errors: No known data errors

This procedure has worked for me for awhile now and I haven’t suffered any data loss events.  Again, it’s always a possibility due to the bleeding edge nature of this code.

 

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A Git User in a SVN World

I’ve been using git as a part of my development workflow for several years now.  The past ten years or so have been a slow progression from subversion to mercurial to git.  I really like all the features that git has to offer and the ease of branching has made my development life much easier.

Every once and awhile, however, I run into a situation where I need to use subversion.  Usually this is because someone else’s code means someone else’s repository of record.

I recently found myself in a situation where asking the organization to migrate from subversion to git just wasn’t feasible.  My next best option was git-svn.  Git-svn is effectively a subversion to git and back to subversion converter of sorts.  You can maintain your git based workflow (slightly modified) and still commit to the organization’s subversion repository.

Frankly, This. Is. Awesome.  Git-svn is included in nearly all git distro deployments (including the XCode CLI from Apple) and is very easy to use.  First, start off with a clone of the subversion repository using git-svn:

git svn clone http://svn-repo.com/svn/repo

This will clone (checkout in subversion parlance) a subversion repository from a remote site to your localhost.  Using this syntax will clone everything from the remote host exactly as is.  Unfortunately, this doesn’t leave much room for branching and tags.  If your remote site is setup with branch, tag, and trunk directories (i.e. http://svn-repo.com/svn/repo/trunk|branch|tag), you can tell git to use the branch directories to emulate git branches using the -s argument:

git svn clone -s http://svn-repo.com/svn/repo

Now your repository is cloned with branching enabled.  You will not see the branch, tag, and trunk directories as they will be emulated in your git repository.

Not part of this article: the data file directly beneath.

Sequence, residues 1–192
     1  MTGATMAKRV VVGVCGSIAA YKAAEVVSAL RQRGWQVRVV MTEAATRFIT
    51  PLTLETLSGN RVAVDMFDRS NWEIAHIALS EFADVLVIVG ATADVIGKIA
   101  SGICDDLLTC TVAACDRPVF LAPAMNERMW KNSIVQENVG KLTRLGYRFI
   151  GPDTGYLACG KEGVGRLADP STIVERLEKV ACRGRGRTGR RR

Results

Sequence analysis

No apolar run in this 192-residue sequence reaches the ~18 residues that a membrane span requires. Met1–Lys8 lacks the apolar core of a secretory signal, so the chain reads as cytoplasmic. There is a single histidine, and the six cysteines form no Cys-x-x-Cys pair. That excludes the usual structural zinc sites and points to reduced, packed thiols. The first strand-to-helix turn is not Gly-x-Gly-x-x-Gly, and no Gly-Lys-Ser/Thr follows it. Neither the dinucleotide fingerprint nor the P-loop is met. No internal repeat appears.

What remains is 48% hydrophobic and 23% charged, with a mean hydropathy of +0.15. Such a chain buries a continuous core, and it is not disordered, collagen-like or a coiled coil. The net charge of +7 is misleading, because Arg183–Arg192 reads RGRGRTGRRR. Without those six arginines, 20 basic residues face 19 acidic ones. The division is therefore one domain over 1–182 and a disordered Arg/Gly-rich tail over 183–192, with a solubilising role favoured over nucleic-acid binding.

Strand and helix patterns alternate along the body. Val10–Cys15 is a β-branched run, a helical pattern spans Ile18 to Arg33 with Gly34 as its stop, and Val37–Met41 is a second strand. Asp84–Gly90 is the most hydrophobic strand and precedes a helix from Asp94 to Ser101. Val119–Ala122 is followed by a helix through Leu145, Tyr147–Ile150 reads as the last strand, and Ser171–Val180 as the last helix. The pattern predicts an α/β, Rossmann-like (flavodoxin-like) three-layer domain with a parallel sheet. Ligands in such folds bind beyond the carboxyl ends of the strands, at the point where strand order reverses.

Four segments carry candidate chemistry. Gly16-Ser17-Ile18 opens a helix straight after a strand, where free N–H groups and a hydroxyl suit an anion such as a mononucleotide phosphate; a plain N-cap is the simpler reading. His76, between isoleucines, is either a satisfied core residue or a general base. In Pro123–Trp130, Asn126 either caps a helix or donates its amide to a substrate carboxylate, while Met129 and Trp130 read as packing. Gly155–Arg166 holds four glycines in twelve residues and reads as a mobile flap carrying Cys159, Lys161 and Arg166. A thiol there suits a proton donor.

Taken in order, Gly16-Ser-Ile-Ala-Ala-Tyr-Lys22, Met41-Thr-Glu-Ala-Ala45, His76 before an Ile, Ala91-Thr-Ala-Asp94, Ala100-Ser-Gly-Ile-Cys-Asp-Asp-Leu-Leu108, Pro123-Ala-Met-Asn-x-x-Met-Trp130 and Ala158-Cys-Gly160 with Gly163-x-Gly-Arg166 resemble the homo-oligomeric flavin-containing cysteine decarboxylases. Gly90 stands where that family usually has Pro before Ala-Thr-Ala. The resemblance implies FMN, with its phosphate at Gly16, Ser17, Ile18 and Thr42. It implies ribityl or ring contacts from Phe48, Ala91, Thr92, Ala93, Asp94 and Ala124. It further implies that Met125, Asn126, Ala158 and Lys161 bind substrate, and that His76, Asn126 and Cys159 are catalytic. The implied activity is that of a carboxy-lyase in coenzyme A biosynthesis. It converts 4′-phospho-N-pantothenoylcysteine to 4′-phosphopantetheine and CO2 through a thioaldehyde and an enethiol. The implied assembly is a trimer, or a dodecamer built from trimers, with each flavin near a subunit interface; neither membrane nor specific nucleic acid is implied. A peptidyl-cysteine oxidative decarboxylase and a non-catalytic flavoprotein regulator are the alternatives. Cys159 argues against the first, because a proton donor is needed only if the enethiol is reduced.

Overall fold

Now you are able to take advantage of your git workflow as usual (adding and commiting) with just a small difference.  If you’d like to send your commits up to the subversion repository, use the command:

git svn dcommit

Your git repository is now uploading your commits to the subversion repository!  For more information, there is a great tutorial on using git-svn at viget.

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Site Offline

Oops, looks like my blog has been offline since Sunday, August 26th.  It appears that my Amazon EC2 instance went offline shortly after the year free time limit.  The credit card I originally used to create the instance (you need it to create the instance but it doesn’t get charged during the one year trial period) expired.

The credit card situation is now fixed and the site should not just automagically disappear anymore.  Sorry about that.

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Life @ 40 Inches in California

This past Christmas (2011), my son Alex received a Fischer Price digital camera.  At the time, Alex was only 2 years old.  My wife, Sara, and I were preparing for our move to California and had our hands full.  The move was hectic, of course, and unbeknownst to Sara and I, Alex was busy snapping pictures.  Granted, many of them were accidental, but I was surprised to find he had taken nearly a thousand (899) pictures between Christmas 2011 and July 2012.